Wednesday, January 20, 2016

How Aravis deals with theives

[Originally posted at Ana Mardoll's Ramblings.]
[Context: to get through Tashbaan they're doing their best to look like the dregs of society to avoid notice which means the equines look like easy picking for any thieves.]

The thieves spread around us, and there was little we could do to stop them. They had broken no laws as yet. I had to hope that they would parley, a good thief knew better to risk injuries when threats might be enough.

The leader was cleaner than the rest, he stood out here in the poor quarter, like a noble mixing with the dregs. Doubtless he had picked rich pockets in his time, and his air of respectability would have helped him get close to such marks.

He looked at the five of us, and approached me.

"If you give us the horses, young one," he said, "we'll have no need to harm you."

"Many have thought as you do," I said to him. "They looked at us and thought that one reduced to rags could not defend her remaining property. Yet for all who sought to take what's mine, here I stand with my horse still beside me."

"You can't beat us all," the thief said.

"Perhaps not," I admitted, a key part of lying was knowing when not to. "But you shouldn't underestimate a horse trained for battle, even when she holds no rider, and regardless I can kill you before I fall.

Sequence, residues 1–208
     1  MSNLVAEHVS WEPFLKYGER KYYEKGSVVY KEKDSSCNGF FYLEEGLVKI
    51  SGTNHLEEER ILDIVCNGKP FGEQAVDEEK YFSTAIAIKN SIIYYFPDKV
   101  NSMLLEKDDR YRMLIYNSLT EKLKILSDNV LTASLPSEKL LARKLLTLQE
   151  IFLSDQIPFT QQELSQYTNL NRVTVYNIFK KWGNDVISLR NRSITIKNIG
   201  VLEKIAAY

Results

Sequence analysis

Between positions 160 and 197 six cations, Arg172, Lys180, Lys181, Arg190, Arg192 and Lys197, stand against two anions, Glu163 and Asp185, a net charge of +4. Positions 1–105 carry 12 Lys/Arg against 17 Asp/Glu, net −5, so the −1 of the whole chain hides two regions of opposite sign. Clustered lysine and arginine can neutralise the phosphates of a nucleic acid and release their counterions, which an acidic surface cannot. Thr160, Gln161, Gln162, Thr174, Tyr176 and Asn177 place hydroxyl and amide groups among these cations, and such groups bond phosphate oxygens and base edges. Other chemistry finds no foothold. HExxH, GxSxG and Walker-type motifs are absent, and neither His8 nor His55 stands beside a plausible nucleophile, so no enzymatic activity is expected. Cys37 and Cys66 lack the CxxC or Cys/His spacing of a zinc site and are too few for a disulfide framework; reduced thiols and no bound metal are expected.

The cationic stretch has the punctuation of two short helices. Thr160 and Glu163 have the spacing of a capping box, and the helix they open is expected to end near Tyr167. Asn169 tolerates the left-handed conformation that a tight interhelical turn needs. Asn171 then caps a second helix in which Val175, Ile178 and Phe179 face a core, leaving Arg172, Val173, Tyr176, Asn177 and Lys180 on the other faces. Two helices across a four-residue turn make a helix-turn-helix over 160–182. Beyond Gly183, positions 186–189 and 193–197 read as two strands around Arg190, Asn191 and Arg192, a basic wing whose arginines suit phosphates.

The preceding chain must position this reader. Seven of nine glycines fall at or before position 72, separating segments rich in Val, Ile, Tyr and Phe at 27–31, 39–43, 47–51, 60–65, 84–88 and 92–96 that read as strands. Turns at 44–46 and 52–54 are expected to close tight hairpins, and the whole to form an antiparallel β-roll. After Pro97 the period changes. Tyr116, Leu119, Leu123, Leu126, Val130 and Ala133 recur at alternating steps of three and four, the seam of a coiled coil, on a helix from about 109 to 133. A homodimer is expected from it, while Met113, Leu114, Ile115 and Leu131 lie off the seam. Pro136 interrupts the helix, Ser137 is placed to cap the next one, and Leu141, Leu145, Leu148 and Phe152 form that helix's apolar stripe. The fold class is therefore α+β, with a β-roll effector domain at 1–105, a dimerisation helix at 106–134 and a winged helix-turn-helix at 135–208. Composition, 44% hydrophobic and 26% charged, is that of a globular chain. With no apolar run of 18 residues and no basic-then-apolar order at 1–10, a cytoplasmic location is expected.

"What is it to you if your underlings steal the horse if you're not alive to benefit? When you stand before Tash it will hardly matter what became of me or my property, you'll be just as dead."

"Brave words," he said, "for a child."

"Yes," I said. "Sometimes it does require courage to speak the truth."

I looked at one of the other thieves, "Which of you gets to keep the horses when he dies?"

"As amusing as watching you try to turn my men against each other might be," the lead thief said, "no one gets the horses whether I'm alive or dead. We sell what we take and divide the money evenly. There's nothing for them to fight over.

"I can tell you won't see reason," he said, and nodded to one of his men.

It was difficult to tell if the man was coming for me, for Hwin, or for Hwin's lead. It didn't matter. I dropped the lead and Hwin reared up, knocking the man on his back. When she dropped back down, one of her hooves landed a hand-width away from the man's head.

"She doesn't have to miss," I said to the lead thief. I retrieved Hwin's lead then shouted loudly so all in the area would hear, "And don't spook my horse! Someone could get hurt because of your childish pranks."

Hwin's display and my own outburst had all eyes trained on us. The thief took notice. These people might not care about a theft, but a fight, especially one involving two horses, held the potential to injure them. People would care about that.

"Well played, girl," thief said. "Obviously I can't take your horses now. But I can still do damage. What's the boy worth to you?"

"Almost as much as this horse," I said patting Hwin's neck.

"And the donkey?"

"Stays with the boy."

"We'll rob you later," the thief said. Then he motioned for his men to come with him, and walked away.

No comments:

Post a Comment